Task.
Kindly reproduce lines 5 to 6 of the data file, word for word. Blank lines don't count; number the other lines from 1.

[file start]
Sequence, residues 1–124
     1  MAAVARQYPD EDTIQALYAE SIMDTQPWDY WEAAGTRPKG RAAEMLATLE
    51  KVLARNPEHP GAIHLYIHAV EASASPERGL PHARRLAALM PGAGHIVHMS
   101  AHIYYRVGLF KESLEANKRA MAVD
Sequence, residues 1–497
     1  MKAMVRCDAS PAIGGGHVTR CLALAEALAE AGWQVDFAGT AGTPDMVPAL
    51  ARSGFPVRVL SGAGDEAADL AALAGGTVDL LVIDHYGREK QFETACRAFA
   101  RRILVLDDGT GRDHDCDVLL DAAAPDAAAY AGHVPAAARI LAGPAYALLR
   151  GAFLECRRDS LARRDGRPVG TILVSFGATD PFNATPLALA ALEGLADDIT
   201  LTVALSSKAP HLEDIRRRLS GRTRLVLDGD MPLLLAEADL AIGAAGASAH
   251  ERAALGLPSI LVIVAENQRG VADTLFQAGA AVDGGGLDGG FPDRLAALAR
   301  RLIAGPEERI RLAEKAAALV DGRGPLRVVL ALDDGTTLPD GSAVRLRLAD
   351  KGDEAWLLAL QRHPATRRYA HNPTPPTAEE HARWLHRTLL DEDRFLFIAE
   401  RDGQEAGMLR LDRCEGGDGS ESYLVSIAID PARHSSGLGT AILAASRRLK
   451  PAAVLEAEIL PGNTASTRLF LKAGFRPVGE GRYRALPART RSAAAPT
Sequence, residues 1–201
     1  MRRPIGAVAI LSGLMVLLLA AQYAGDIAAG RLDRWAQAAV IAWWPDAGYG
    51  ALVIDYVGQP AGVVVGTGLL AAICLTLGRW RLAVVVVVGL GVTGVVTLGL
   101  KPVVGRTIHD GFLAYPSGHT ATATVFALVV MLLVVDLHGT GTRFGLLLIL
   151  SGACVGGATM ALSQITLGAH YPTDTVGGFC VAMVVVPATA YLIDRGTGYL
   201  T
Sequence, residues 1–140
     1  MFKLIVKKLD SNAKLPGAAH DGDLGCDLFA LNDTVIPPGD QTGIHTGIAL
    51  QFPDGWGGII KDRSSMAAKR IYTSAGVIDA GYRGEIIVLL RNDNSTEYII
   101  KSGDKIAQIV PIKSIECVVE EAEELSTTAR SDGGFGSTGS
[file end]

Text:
Sequence, residues 1–497
     1  MKAMVRCDAS PAIGGGHVTR CLALAEALAE AGWQVDFAGT AGTPDMVPAL